By Priyan R Naik
When I visited Laban, a neighbourhood in Shillong, the one place I wanted to see was the house where Swami Vivekananda, the monk, philosopher, author, chief disciple of Ramakrishna Paramhansa and founder of the Ramakrishna Mission Movement, had lived during his visit to Shillong in 1901.
The Swami had not been keeping too well when he set off on a pilgrimage to what is now Bangladesh. The trip was expected to improve his health but just the opposite happened, the Swami’s health worsened. On hearing this, the then Chief Commissioner of Assam, Sir Henry Cotton, who had great reverence and appreciation for the Swami, went to Guwahati to receive him, invited him to Shillong and arranged his stay at a house in Laban. It was this house that I was keen on visiting. Unlike the four lane highway and the taxi service of today, Swamiji had to travel from Guwahati to Shillong on a horse driven cart belonging to the Guwahati-Shillong Tonga Service. His last public address was delivered at Shillong’s Quinton Hall, which houses the Ramakrishna Mission Vivekananda Cultural Centre today, making a visit to the Laban house, where he had stayed during his Shillong visit, particularly poignant.
It was bright and sunny, as I searched for the house. Laban is situated on a hilly terrain with several lanes and by-lanes. Climbing these steep avenues requires considerable effort and unused to such inclines, I had to stop often to recover my breath. After Swami had stayed here, the Laban house had gone on to become a major pilgrimage centre. Made with hay, it had an open veranda and had later been transformed into a traditional Assamese type house. Unfortunately, this house had not been reworked into a heritage building and the house as such actually does not exist.
All this while, I was negotiating some very steep lanes constantly staring into my smartphone studying the location suggested by Google Maps (a modern day necessity for navigation guidance). While the maps claimed it was close by, the spot where the house had once stood was nowhere to be seen! Forced to ask its whereabouts, I found to my surprise, everybody in the locality was knowledged about the house itself and were amply forthcoming about the location, soon enough directing me to a nondescript steel gate with barbed wire on top, leading to a longish passageway, properly bolted and secure. I hesitated to open what looked like somebody’s personal property and went to a nearby building to peek into a large compound only to see a tiny house shaped cement and concrete structure duly fenced. I could read the inscription which said: “Here lived Swami Vivekananda in 1901”. There was also the exhortation that Swami Vivekananda had popularised in the late 19th century – “Arise, awake and stop not till the goal is reached”. The structure looked sombre and solemn, laid out in a serene ambience. I was glad that I had taken the trouble to discover the spot where this Laban house had once stood.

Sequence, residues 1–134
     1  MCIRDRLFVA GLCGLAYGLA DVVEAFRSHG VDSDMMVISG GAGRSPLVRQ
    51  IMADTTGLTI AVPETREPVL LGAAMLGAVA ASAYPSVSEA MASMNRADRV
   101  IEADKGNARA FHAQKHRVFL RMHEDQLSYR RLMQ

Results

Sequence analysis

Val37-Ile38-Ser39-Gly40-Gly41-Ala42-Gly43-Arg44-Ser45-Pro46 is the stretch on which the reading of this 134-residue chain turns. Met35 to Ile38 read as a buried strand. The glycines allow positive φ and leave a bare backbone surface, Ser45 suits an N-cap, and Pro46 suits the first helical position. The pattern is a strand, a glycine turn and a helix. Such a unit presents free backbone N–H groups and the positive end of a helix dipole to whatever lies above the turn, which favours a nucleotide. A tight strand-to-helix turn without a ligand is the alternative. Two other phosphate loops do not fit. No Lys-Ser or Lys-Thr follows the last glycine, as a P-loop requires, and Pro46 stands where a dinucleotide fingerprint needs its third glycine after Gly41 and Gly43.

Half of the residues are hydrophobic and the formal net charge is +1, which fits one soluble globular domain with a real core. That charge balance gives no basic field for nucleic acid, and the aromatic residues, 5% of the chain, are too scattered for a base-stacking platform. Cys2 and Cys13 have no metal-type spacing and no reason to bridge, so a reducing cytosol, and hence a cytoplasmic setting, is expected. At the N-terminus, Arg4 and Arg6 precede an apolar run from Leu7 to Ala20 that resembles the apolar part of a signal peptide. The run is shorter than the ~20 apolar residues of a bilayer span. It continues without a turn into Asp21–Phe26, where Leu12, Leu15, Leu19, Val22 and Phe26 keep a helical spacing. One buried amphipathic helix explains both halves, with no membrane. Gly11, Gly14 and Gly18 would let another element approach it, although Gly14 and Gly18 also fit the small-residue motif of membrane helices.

As of today, the Ramakrishna Movement carries out extensive educational and philanthropic activities all over the world. In Meghalaya itself, the Ramakrishna Mission Cultural Centre at Quinton Hall, the venue from where the Swami delivered his last address and the Ramakrishna Ashram at Sohra bear a reputation of delivering outstanding humanitarian work, testimony to the lasting impact made by Swami Vivekananda’s visit to Shillong. The movement has a footprint in Bengaluru as well, its Ulsoor Math that undertakes activities in different areas of human need, social welfare, education, health and spiritual guidance in keeping with the motto enunciated by the revered founder.
Priyan R Naik is a columnist and a freelance journalist living in Bengaluru, India. His work appears in the Deccan Herald, Ceylon Today of Colombo, Hindustan Times, The Hindu, Hindu Business Line, Times of India, Navhind Times and the Daily Star of Dhaka.